Entraining rhythms of the brain to study the neurodevelopment of perception and cognition is a fascinating idea. In principle, entrainment endows the experimenter with increased control over the timing of fundamental neural processes. Yet, its appeal has also created a flurry of neuroscientific research that may apply this idea prematurely. Can we simply infer entrainment
just because we are using rhythmic stimulation? It is underappreciated that there is no clear response to this question yet. This should make us more cautious not only in interpreting findings about the role of neural rhythms in perception and cognition, but also in testing rhythmic sensory stimulation as a clinical intervention for psychopathologies.
Köster et al. (2019) studied the neurodevelopment of action expectations by presenting infants with rhythmically flickering stimuli while recording their EEGs. The authors assumed that this rhythmic stimulation entrained endogenous brain oscillations. In turn, they interpreted a band-limited difference between conditions as a modulation of infant theta oscillations. In our commentary, we discuss this assumption critically. We show how a similar pattern of results can arise from a simulated hypothetical scenario. We did not intend to simulate EEG data in their full complexity, but instead present a simplified model that makes a minimal number of assumptions. Crucially, this model does not require the involvement of entrained endogenous brain oscillations. Our findings may serve as a word of caution on inferring entrainment from (conditional effects on) band-limited neural responses in the context of rhythmic sensory stimulation, and interpreting these findings in the context of endogenous neural oscillations, in neurodevelopment and beyond.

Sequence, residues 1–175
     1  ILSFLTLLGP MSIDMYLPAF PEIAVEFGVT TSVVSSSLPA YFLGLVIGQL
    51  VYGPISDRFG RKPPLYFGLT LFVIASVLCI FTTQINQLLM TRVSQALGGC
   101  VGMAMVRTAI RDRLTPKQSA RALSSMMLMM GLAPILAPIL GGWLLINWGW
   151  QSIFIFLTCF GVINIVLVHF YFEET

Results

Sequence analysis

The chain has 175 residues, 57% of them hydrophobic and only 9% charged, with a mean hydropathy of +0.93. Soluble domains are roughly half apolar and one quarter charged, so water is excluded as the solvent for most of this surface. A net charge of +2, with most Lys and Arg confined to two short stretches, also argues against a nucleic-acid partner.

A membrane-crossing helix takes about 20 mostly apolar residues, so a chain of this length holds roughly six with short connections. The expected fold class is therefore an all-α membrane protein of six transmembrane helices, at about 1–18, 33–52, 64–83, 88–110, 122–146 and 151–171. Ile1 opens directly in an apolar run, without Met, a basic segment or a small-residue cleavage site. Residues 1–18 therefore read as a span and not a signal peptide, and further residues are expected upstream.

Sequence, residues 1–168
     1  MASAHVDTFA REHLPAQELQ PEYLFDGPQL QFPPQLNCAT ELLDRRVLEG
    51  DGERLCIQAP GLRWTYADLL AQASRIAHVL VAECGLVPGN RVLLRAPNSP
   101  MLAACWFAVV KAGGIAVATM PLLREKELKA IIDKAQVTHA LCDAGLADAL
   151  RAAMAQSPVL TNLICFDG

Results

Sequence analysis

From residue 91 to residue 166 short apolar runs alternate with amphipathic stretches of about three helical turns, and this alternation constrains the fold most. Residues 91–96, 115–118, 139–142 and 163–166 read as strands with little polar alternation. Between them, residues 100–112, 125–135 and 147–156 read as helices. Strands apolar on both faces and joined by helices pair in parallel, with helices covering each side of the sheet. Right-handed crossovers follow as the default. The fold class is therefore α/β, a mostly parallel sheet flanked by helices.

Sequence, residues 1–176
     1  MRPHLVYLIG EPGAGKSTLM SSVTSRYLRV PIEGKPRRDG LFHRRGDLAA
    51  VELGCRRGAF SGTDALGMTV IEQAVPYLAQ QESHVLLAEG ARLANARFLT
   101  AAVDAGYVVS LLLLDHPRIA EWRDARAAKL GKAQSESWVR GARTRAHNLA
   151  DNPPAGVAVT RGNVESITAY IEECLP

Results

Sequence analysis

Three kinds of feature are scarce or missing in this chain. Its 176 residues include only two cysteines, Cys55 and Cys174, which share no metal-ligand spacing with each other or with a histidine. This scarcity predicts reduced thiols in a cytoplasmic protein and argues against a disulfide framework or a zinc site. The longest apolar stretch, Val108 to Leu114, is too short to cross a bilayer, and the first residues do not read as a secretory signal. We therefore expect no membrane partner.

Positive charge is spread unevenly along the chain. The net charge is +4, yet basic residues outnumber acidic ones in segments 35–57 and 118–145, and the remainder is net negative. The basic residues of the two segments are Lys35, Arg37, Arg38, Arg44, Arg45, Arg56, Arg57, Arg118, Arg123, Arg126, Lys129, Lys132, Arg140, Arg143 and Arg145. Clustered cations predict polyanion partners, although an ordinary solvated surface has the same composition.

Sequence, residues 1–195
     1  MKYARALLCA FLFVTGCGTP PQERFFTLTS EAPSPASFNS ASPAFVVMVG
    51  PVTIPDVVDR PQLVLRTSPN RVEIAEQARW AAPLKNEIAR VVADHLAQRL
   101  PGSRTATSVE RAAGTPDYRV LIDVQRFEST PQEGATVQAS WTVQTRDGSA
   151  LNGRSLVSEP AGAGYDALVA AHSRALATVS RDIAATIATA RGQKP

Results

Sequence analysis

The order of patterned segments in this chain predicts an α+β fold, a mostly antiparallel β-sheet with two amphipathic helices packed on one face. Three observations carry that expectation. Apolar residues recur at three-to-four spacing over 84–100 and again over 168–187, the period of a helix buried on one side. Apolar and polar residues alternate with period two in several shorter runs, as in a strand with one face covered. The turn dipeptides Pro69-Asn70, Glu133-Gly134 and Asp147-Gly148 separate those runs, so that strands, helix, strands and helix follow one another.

Obleser J, Henry MJ, Lakatos P. What do we talk about when we talk about rhythm?. PLoS biology. 2017 Sep 19;15(9):e2002794.
Keitel C, Quigley C, Ruhnau P. Stimulus-driven brain oscillations in the alpha range: entrainment of intrinsic rhythms or frequency-following response?. Journal of Neuroscience. 2014 Jul 30;34(31):10137-40.
* Blogpost based on unpublished article elements produced as part of the submission process. As such, these have been edited by the co-authors Molly Henry, Sarah Jessen, and Jonas Obleser and have been part of the journal review process.